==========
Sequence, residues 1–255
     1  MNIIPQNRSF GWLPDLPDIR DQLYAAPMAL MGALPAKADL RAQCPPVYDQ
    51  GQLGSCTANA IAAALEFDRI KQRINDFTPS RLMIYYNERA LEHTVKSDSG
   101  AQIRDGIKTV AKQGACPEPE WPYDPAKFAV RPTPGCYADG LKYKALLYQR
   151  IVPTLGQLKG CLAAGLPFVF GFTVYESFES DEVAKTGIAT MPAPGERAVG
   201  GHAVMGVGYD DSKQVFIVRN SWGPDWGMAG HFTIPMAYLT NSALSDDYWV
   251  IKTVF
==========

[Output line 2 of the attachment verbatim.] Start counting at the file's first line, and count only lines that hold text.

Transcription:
     1  MNIIPQNRSF GWLPDLPDIR DQLYAAPMAL MGALPAKADL RAQCPPVYDQ